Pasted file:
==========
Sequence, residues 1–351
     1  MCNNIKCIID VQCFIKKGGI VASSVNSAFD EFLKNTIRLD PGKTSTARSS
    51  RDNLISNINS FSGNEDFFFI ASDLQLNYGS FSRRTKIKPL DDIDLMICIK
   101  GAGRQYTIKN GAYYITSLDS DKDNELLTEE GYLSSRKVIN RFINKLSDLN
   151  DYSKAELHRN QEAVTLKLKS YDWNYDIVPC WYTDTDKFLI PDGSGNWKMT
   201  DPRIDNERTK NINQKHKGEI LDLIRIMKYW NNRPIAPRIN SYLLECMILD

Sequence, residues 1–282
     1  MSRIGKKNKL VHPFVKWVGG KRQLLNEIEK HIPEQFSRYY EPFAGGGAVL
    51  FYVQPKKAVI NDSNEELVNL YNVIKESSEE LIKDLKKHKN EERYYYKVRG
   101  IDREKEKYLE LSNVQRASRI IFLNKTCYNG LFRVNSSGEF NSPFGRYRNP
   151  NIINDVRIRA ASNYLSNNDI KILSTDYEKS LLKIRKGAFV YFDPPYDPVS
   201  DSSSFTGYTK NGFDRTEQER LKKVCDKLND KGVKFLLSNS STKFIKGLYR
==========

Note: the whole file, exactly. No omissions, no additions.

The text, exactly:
Sequence, residues 1–351
     1  MCNNIKCIID VQCFIKKGGI VASSVNSAFD EFLKNTIRLD PGKTSTARSS
    51  RDNLISNINS FSGNEDFFFI ASDLQLNYGS FSRRTKIKPL DDIDLMICIK
   101  GAGRQYTIKN GAYYITSLDS DKDNELLTEE GYLSSRKVIN RFINKLSDLN
   151  DYSKAELHRN QEAVTLKLKS YDWNYDIVPC WYTDTDKFLI PDGSGNWKMT
   201  DPRIDNERTK NINQKHKGEI LDLIRIMKYW NNRPIAPRIN SYLLECMILD

Sequence, residues 1–282
     1  MSRIGKKNKL VHPFVKWVGG KRQLLNEIEK HIPEQFSRYY EPFAGGGAVL
    51  FYVQPKKAVI NDSNEELVNL YNVIKESSEE LIKDLKKHKN EERYYYKVRG
   101  IDREKEKYLE LSNVQRASRI IFLNKTCYNG LFRVNSSGEF NSPFGRYRNP
   151  NIINDVRIRA ASNYLSNNDI KILSTDYEKS LLKIRKGAFV YFDPPYDPVS
   201  DSSSFTGYTK NGFDRTEQER LKKVCDKLND KGVKFLLSNS STKFIKGLYR